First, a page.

If one applies basic psychology, having had the requisite military experience to de-humanize, Gorsline easily fits the profile of someone with the motivation and capacity to commit such a heinous act. He'd been involved with Eleanor once and had been caught spying on her trysts with Hall. Whoever had killed these two had saved the most brutal treatment for her.
To produce the wound to her throat required a blade capable of causing a deep slash without a sawing motion. Gorsline was military-trained in hand-to-hand bayonet fighting, and it was common for soldiers to keep these knives as souvenirs. A bayonet is capable of causing this type of deep slash - it has a sharp edge and the necessary length (12-inch blade) to do so in one continuous motion at a depth of 5 or more inches.
In addition, Guinn found Gorsline's statement to be suspicious. Four years after the murders, he admits being 300 yards away~ from the crime scene, and that he heard the shots, screams, and moaning. Imagine this: hearing moaning from three football fields away! It doesn't ring true.
Guinn believes that the reason Gorsline had to admit to being nearby is because there was new testimony that his distinctive car was seen in the vicinity. So, he devised a story to provide a reason for being there that was also a reason why he had lied: a tale about being with a young woman whose reputation he sought to protect.
So Gorsline devised the perfect alibi--a reason for which an upstanding civic leader and a God-fearing vestryman would hide facts. Then he got Rastall to corroborate it. He couldn't keep saying he wasn't there, so he provided a reason why he couldn't reveal it.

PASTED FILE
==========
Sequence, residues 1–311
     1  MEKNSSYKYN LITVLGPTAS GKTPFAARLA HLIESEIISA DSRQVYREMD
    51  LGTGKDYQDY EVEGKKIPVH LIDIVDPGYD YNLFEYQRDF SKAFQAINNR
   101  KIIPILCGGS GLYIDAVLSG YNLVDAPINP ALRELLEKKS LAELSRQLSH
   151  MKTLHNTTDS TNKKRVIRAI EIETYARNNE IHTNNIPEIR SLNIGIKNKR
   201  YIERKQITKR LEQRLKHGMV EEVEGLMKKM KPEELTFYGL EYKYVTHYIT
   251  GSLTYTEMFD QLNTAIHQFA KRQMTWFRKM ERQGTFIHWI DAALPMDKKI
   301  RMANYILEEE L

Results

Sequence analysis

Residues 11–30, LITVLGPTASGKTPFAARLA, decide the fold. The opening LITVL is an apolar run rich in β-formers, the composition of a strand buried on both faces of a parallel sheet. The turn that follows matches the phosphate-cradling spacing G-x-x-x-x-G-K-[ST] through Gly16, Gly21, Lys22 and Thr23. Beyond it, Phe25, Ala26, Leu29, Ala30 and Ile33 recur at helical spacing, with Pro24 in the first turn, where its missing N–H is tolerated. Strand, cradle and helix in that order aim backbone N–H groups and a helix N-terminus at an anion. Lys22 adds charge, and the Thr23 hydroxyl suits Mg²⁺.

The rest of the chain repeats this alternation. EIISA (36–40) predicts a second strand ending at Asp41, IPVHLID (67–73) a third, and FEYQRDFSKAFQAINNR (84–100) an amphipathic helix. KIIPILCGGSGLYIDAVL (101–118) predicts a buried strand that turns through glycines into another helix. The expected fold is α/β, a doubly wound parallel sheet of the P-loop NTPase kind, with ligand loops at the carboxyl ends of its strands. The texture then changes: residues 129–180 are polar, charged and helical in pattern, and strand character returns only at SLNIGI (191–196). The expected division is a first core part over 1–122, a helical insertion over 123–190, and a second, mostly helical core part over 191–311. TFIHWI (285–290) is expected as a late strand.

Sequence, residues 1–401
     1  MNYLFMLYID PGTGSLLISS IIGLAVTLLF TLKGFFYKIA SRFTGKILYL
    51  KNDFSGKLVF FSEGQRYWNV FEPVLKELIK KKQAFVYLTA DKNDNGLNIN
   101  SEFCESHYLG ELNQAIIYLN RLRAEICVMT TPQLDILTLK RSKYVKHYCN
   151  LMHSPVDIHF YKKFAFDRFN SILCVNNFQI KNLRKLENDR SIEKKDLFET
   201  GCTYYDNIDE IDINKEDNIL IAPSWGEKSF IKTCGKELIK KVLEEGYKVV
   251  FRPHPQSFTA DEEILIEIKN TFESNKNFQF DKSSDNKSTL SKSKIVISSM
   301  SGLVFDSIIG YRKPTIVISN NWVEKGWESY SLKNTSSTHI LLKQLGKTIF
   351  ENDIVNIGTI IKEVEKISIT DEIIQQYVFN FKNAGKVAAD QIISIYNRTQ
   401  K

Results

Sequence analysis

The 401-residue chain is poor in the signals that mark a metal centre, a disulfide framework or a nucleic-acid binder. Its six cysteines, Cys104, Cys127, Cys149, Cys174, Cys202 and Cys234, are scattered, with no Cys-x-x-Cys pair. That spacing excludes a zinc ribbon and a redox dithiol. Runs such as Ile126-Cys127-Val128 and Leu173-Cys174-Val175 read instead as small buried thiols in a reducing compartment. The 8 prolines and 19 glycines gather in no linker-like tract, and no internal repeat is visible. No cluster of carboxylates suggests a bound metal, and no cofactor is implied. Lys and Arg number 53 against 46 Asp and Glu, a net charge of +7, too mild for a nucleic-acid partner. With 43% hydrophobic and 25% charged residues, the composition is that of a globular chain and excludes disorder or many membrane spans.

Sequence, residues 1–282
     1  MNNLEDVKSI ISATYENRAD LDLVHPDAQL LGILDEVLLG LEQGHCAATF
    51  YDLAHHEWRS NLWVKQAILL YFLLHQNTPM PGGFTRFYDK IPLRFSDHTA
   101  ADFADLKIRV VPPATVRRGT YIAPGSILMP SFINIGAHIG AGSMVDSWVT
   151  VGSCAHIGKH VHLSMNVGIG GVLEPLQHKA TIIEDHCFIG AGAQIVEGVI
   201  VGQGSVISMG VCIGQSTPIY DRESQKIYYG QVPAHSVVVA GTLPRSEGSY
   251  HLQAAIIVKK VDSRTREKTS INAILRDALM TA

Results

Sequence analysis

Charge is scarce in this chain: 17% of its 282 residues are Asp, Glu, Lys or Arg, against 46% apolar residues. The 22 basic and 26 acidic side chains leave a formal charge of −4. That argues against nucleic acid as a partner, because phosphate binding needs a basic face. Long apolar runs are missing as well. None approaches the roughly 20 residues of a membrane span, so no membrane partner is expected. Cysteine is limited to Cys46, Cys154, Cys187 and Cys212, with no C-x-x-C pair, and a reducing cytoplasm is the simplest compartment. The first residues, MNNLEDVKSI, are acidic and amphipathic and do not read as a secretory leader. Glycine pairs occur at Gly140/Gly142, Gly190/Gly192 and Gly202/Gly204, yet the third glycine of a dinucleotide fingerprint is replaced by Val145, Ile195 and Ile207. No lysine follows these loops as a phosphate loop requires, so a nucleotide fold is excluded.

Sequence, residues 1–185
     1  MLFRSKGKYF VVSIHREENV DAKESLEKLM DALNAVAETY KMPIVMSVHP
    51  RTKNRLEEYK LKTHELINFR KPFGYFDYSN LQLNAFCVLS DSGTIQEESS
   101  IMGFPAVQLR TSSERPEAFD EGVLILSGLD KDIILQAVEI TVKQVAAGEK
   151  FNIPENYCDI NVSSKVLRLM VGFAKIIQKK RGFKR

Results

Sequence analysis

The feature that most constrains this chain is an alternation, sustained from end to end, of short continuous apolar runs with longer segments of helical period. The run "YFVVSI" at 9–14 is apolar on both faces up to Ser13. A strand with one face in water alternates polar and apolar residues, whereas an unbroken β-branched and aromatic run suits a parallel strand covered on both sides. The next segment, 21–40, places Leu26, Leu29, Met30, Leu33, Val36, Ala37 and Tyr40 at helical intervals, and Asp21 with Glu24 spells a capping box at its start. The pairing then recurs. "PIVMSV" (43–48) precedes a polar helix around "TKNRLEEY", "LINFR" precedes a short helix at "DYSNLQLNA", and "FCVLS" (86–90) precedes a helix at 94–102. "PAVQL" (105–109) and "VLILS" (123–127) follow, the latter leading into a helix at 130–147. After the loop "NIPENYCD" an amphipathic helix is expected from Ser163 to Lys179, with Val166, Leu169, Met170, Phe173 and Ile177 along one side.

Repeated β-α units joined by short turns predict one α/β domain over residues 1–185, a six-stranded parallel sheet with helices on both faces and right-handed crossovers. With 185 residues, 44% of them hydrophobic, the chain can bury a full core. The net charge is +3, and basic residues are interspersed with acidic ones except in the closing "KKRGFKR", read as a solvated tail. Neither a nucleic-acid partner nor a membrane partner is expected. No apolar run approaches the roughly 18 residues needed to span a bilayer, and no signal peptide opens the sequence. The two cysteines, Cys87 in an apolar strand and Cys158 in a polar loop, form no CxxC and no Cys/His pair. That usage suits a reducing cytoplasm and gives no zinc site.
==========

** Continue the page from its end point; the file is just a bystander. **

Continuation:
Now, what about his mindset and motive? If we re-examine Gorsline in light of what we know these days about jealous stalkers, it's not improbable that he was the fatal instigator. In fact, he becomes even more viable.
Just how fixated he might have been is anyone's guess, but he certainly was angry enough about Edward's indiscretion to discuss it with others and to demand that Eleanor end it. Gorsline was seen spying on the two, and it seems an unlikely Coincidence that "he would have been at De Russey's Lane on the very night that the lovers were meeting there without knowing it. He was alert to their movements.
What they didn't know in 1922 but we know now is that people who suffer from erotomania develop the delusion that another person--usually a celebrity or someone of higher social status--loves them. They envision their entwined destiny and feel a persistent need to contact or see the inamorata. This can trigger episodes of stalking. Erotomanic stalkers are usually aggressive. They may send unwanted letters or packages, make numerous phone calls, or take up a determined pursuit.